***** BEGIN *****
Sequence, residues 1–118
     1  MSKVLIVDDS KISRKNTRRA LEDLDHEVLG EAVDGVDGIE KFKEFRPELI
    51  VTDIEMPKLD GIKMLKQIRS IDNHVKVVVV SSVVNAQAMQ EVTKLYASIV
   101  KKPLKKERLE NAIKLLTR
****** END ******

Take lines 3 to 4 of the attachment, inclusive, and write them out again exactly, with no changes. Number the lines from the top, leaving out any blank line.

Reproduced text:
    51  VTDIEMPKLD GIKMLKQIRS IDNHVKVVVV SSVVNAQAMQ EVTKLYASIV
   101  KKPLKKERLE NAIKLLTR